Proper Collection of Mid Stream Urine’s

Mid stream urine’s also known and MSU’s have specific collection techniques if the specimen is to be not rejected as contaminated or unsuitable for culture. The only confirmatory method for diagnosing Urinary tract infections (UTI) is by culturing the urine specimen. A poorly collected sample may result in this UTI being missed. The presence of squamous epithelial cells is the marker for determining the degree of contamination.

Most medical laboratories use the presence of a certain number of squamous epithelial cells in urine to either accept or reject the specimen. This means that the urine can either be cultured or not. Culture is a confirmatory test for detection of urinary tract infections, depending on what type of bacteria will be cultured.

Below is a brief description on how to collect mid stream urine’s in MALE patients:

The patient should wash his hands with soap and water. Hands should be dried thoroughly.

The person should retract the foreskin and cleanse the glans penis with soap and water.  Repeat this washing procedure twice. Rinse the penis thoroughly with water.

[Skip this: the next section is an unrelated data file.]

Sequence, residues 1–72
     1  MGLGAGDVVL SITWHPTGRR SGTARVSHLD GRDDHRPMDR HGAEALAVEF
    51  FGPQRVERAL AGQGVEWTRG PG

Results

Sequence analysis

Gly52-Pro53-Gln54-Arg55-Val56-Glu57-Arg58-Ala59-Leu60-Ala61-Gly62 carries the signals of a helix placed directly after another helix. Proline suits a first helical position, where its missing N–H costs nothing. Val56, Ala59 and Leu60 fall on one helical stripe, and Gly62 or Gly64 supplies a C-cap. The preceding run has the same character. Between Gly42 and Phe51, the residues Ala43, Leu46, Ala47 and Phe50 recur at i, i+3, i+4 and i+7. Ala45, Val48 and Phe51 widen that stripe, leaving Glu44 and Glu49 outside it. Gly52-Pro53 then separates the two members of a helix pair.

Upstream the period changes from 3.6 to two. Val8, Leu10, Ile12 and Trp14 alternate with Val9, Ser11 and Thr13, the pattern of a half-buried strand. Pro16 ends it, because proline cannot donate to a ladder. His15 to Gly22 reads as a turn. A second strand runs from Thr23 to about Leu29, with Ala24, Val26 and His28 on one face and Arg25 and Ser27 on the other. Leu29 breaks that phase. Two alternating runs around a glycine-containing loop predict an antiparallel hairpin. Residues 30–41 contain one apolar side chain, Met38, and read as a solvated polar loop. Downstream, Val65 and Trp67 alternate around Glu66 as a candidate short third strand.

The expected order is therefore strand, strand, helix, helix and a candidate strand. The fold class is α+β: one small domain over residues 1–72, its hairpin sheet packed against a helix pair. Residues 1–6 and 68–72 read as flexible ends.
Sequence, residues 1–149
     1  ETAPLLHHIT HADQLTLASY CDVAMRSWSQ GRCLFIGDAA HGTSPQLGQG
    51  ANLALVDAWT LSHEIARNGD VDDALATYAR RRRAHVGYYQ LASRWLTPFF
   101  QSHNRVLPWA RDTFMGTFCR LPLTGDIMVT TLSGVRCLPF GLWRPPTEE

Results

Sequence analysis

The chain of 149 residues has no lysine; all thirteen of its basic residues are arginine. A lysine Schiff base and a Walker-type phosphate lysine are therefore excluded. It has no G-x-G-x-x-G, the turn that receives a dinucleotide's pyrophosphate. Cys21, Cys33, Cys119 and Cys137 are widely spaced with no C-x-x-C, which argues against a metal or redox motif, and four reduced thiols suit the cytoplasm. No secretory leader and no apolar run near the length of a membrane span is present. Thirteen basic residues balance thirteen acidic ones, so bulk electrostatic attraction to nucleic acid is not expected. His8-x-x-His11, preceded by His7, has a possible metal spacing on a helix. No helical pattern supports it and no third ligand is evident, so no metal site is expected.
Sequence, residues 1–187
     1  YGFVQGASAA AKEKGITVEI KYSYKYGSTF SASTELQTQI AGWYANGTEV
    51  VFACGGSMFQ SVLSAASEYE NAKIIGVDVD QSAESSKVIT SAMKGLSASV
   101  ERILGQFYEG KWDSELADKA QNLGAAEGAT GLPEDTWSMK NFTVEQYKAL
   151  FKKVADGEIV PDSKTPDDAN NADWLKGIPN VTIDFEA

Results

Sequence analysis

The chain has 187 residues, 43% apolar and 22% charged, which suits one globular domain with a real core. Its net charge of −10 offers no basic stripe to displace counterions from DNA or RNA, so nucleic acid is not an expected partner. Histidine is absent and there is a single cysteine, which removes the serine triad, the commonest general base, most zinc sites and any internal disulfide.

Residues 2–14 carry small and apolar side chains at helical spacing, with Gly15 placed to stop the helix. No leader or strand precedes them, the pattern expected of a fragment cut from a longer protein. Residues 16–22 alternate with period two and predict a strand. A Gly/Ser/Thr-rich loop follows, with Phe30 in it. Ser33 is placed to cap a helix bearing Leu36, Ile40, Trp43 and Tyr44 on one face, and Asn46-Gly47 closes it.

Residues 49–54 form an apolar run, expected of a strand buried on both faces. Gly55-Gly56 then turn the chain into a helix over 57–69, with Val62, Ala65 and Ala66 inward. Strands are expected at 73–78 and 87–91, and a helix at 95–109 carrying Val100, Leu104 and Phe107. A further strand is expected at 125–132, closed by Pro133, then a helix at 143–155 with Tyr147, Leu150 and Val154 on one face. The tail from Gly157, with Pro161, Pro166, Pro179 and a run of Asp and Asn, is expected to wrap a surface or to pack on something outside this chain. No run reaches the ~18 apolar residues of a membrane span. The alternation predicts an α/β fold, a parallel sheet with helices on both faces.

Keeping the foreskin retracted, void the first part of urine into the toilet.  After 5 seconds, collect the midstream part of the urine into the sterile urine container provided. 

Do not collect urine from the toilet or bedpan. Replace cap tightly on the container.  Rinse the outside of the container if urine has spilled down the sides. 

Deliver the specimen immediately to the laboratory. If unable to reach the laboratory within an hour of collection, refrigerate until it can be delivered as soon as possible.  Specimens left unattended for long periods of time will start to grow contaminants and thus be rejected on the grounds of contamination.

Proper collection will ensure a reliable result and avoid unnecessary delays of having to collect another sample. Accurate and timely treatment can be followed.

To prevent delays and incorrect collection techniques, most hospitals will provide patients with written instructions, most frequently accompanied by pictures, on how to void the urine sample. The presence of many squamous epithelial cells is suggestive of a poor quality sample.

If still unsure about the correct procedure, ask for assistance from the nursing or other medical staff.

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